2. Sometimes you find youself in the poo. In this case you need to a) Clean the data & b) Change the system to prevent it happening again.

There is often a third part to this issue. One that the "Hey I would just write a perfect database" folks may be ignoring. What happens if your perfect DB now starts to reject these dirty rows? Often systems with poor error handling in the DB also have poor error handling in the App tier.
If one insert in a more complex process fails, will it be contained in a transaction to ensure everything fails cleanly? (Most likely not, few developers use transactions, many prefer WITH (NOLOCK) hints).
If the app does correctly use transactions, will it check the return code from SQL (often not)
If it does check return codes will it present some kind of error to the end-user in a way the User can correct the issue?
And sometimes the User is already gone. eg: Batch systems, Real-Time capture ie: RFID, CEP, Process control, Toll Booth & Speeding Cameras etc.

In short it may be cheap to fix the DB, but you occasionally open the door to a huge rectification project. One that will take a long time to get resourced & funded. Which is why, you will often hear IT mgrs request you to clean the huge mess their DB is in now, & maybe write some scans they can run periodicly, till they get budget to do it right.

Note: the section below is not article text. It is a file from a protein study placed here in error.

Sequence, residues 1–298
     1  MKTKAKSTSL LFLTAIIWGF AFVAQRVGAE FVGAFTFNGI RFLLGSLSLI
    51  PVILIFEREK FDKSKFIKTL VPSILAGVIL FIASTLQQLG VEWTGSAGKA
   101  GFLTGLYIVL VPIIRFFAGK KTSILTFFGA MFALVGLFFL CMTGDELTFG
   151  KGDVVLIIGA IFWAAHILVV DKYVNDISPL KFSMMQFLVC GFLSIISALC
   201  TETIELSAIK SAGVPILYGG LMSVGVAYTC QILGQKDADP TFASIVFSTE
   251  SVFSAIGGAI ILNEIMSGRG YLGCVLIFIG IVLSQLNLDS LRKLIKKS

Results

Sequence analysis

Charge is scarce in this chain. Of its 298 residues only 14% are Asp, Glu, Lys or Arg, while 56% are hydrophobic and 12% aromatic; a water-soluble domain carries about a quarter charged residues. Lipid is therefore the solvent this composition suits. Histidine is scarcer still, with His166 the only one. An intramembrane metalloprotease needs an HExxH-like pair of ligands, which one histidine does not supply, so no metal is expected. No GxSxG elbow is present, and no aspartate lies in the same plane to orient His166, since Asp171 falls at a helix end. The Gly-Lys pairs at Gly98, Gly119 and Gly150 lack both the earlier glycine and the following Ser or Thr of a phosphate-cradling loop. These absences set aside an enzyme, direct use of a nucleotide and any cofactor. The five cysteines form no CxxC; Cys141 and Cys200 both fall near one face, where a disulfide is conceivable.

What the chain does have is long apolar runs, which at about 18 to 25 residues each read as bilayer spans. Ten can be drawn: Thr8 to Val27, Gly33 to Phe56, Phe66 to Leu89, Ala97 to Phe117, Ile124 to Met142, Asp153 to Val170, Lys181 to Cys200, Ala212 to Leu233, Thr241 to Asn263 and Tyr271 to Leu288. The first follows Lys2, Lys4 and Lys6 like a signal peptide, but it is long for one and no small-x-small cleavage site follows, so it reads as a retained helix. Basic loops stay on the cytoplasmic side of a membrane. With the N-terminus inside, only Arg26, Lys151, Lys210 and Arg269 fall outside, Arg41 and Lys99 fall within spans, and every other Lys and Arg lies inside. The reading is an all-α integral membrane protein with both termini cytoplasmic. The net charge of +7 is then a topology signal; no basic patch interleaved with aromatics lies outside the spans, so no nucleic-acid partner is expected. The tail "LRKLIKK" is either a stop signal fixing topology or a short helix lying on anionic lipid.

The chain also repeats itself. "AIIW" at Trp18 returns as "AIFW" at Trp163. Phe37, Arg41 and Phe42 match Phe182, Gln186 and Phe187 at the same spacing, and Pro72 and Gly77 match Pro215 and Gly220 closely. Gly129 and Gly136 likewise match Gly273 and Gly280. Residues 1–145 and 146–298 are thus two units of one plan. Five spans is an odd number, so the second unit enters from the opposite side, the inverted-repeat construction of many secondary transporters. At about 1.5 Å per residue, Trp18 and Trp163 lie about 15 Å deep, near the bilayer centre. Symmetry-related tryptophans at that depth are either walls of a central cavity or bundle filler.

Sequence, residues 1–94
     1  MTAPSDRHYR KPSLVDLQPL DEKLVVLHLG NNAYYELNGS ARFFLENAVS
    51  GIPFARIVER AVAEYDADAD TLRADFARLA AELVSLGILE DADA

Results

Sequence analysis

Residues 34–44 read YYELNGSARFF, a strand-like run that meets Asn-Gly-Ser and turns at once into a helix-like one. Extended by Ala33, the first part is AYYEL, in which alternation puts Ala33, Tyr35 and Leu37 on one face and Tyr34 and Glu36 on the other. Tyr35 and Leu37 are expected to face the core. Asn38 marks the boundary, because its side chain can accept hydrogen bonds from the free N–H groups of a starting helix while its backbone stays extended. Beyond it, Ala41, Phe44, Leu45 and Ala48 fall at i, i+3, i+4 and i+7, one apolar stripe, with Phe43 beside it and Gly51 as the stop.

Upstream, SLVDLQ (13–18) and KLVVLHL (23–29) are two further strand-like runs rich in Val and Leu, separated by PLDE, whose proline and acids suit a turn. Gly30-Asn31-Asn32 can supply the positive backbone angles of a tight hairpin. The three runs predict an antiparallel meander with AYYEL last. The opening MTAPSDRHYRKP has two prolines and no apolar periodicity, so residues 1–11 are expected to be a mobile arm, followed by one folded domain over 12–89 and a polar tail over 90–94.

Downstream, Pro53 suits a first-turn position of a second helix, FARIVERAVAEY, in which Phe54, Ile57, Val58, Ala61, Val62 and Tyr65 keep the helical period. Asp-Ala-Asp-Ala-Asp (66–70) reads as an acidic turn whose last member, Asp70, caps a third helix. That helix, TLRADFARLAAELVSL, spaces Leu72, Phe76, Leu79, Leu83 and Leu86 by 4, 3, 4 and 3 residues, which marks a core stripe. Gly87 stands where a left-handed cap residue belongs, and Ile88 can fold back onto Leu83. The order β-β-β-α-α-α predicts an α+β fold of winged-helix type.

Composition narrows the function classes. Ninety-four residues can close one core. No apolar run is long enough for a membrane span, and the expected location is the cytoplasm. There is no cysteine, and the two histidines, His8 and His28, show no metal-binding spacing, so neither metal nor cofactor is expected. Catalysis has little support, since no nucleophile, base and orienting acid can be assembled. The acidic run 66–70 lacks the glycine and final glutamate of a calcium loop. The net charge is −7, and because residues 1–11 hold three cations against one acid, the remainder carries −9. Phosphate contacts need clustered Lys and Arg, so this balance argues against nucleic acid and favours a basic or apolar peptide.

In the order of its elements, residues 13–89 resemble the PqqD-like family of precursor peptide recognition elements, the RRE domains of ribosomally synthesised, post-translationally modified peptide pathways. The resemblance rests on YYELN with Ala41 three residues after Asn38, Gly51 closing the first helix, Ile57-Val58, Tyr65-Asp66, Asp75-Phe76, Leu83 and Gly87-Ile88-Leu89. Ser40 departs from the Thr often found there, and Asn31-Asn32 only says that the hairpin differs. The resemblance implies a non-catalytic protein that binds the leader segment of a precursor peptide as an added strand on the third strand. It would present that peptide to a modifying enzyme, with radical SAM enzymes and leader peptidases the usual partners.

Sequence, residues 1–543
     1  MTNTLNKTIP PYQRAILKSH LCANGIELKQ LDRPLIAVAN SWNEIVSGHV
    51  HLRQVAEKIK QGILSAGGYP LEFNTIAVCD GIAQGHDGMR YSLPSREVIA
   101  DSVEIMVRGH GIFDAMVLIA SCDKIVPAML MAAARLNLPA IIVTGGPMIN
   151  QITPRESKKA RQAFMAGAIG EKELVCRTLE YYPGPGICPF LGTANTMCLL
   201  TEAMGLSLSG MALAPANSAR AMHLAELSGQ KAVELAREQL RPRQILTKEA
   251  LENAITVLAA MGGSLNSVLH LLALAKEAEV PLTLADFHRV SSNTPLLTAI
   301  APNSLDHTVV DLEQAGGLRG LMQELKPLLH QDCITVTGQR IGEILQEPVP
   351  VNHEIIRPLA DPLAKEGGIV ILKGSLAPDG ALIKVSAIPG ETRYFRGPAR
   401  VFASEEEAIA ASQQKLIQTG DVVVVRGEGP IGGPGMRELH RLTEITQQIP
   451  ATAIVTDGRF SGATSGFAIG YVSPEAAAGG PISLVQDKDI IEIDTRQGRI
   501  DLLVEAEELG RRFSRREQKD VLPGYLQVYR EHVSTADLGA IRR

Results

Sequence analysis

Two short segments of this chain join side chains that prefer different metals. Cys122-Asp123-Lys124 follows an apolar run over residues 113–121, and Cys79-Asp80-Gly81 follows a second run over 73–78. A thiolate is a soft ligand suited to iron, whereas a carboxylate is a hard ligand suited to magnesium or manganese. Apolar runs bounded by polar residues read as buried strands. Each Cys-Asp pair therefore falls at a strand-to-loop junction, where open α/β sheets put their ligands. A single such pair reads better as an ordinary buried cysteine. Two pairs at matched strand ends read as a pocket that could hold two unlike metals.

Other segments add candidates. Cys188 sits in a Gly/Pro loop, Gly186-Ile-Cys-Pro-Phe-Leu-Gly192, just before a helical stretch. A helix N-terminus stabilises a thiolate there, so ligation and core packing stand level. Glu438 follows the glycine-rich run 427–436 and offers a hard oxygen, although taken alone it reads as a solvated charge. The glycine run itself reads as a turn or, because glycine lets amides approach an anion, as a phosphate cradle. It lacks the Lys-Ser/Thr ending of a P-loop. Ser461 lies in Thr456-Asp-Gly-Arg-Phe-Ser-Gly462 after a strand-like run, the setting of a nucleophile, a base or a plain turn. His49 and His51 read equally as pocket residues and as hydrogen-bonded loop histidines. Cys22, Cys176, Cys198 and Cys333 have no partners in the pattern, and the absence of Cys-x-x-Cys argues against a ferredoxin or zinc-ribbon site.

Or to go with the dog analogy. If you've just fallen in the sewer. You need to priortise. Perhaps wipe it from your eyes. Shake off the big chunks. And then figure out how to sort out the rest. Having someone nearby tell you, that they wouldn't have fallen in the sewer, is rather redundant.
jswong05
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The principle is the same, the implementation depends on the nature of your business.
If quick fix is applicable and acceptable without incurring much cost, you can quick-fix it everyday.
By 80-20 rule, if you have to chase down and remedy all child records and parent records and that is too costly, you will have to determine where to cut off, to leave them along or fix at any cost or in between.
First, propose your fix and have business and IT managers sign off. If they don't understand, have them sign off.
In general, after quick-fix, it will cost your organization less in the long run if you can fix the root cause. That is not always the case. For example, if you don't have the source code, don't have a PASCAL programer, don't have the original design, don't have business rules.

The only time you don't have to fix anything and hand it back to your manager is you already found another job.

Jason
http://dbace.us
:-P
yheon_17 66014
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Nice. Very useful. Thanks.